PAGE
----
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Article
December 1921

A STUDY OF SIGNIFICANT CHEMICAL CHANGES IN THE BLOOD COINCIDENT WITH MALIGNANT TUMORS

Author Affiliations

NEW YORK

From the Laboratory of Pathological Chemistry and Department of Medicine, New York Postgraduate Medical School and Hospital, New York City.

Arch Intern Med (Chic). 1921;28(6):813-826. doi:10.1001/archinte.1921.00100180131008
Abstract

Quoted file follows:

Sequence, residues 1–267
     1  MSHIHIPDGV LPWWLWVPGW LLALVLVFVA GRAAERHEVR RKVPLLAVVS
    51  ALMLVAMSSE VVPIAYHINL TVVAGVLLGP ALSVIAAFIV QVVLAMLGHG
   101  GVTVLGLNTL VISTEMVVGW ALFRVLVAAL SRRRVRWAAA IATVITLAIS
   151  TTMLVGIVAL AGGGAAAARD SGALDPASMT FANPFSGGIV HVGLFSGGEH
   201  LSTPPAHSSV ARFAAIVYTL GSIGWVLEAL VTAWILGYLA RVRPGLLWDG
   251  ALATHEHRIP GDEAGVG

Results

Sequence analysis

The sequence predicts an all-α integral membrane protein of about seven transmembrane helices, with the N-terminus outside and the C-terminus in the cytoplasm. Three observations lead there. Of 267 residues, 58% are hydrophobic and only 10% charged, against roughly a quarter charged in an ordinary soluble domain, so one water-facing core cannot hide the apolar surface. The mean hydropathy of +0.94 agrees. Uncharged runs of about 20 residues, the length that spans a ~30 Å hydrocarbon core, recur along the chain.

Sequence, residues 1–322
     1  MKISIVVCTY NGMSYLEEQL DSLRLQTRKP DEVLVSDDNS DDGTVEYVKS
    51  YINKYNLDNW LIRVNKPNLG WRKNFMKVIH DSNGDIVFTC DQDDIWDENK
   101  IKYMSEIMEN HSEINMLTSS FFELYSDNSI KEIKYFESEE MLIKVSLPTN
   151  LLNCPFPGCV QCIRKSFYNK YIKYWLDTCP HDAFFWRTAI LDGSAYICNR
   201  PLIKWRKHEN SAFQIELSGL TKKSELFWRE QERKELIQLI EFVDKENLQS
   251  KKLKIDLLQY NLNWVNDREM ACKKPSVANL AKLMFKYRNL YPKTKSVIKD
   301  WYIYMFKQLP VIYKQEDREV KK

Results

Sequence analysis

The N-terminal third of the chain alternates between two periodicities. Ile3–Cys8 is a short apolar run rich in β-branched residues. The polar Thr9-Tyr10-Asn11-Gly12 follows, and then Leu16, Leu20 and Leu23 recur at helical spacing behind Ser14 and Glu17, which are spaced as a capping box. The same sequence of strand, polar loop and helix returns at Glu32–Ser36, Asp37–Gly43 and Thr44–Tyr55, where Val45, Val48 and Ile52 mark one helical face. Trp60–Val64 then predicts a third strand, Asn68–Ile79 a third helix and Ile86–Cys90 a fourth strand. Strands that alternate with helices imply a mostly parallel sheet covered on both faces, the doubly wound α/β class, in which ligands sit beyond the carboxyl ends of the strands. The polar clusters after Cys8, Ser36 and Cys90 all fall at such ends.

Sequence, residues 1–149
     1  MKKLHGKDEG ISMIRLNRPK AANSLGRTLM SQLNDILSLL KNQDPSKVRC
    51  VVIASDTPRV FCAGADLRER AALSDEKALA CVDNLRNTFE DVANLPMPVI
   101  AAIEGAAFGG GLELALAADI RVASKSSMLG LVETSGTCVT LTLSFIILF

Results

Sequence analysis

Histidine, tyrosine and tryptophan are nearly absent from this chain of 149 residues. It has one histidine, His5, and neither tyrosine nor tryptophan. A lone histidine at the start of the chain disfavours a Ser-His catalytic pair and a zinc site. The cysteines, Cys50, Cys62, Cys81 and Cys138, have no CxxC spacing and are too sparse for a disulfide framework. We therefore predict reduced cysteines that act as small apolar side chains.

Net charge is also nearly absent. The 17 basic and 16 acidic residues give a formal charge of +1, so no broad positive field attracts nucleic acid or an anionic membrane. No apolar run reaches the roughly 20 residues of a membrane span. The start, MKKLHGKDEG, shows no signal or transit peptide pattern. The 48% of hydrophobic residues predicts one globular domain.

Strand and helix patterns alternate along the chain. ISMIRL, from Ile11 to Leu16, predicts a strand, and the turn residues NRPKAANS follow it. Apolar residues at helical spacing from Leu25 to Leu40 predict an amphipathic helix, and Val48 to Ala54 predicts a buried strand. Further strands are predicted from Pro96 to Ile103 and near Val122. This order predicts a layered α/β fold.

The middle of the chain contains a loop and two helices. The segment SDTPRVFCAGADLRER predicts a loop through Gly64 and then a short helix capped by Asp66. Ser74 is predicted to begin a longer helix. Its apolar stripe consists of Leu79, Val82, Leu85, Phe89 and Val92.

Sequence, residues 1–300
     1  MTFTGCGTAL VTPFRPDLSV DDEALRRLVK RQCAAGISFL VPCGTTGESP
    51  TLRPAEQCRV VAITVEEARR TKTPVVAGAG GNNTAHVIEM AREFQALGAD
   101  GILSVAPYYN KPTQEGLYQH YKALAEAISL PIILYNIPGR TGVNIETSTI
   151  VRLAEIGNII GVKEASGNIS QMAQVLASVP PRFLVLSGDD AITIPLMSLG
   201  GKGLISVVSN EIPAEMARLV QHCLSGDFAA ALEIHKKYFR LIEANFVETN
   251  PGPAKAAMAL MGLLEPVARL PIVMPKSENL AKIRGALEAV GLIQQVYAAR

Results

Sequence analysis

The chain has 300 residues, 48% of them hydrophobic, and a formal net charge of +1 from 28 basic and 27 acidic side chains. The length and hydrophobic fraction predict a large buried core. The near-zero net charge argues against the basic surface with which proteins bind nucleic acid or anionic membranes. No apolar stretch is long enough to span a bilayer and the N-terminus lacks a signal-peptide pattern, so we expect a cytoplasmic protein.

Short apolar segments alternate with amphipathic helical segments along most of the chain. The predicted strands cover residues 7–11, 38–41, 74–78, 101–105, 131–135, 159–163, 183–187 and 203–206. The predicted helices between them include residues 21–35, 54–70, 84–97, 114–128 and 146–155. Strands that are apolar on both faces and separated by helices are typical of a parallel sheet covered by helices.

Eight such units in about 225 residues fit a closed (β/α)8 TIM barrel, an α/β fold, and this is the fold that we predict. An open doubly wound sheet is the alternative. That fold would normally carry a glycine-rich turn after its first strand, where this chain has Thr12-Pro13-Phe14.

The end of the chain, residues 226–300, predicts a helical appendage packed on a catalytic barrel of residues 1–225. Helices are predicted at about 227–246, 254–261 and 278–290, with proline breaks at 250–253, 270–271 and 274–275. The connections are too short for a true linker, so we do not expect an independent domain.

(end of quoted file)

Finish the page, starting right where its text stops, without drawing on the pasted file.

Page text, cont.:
In 1897 Schopp and Moraczewski1 concluded from their studies on urine that the development of carcinomatous growths in the human organism was characterized by a retention of nitrogen. This minus balance was attributed to an increased demand for nitrogen by the malignant tumor. More recent chemical studies on the blood in malignancy, while confirming this observation, have at the same time proffered a different interpretation of the nitrogen retention. The most comprehensive analyses of the blood in malignancy have been placed on record within the last year by Theis and Stone.2 Their studies included observations on the nonprotein, urea and amino-acid nitrogen, and the uric acid and sugar in a series of 189 cases, representing a wide range of type and location of malignant neoplasms. They have reported subnormal values for nonprotein and urea nitrogen, particularly in the rapidly growing tumors of the breast and uterus, and an amino-acid nitrogen

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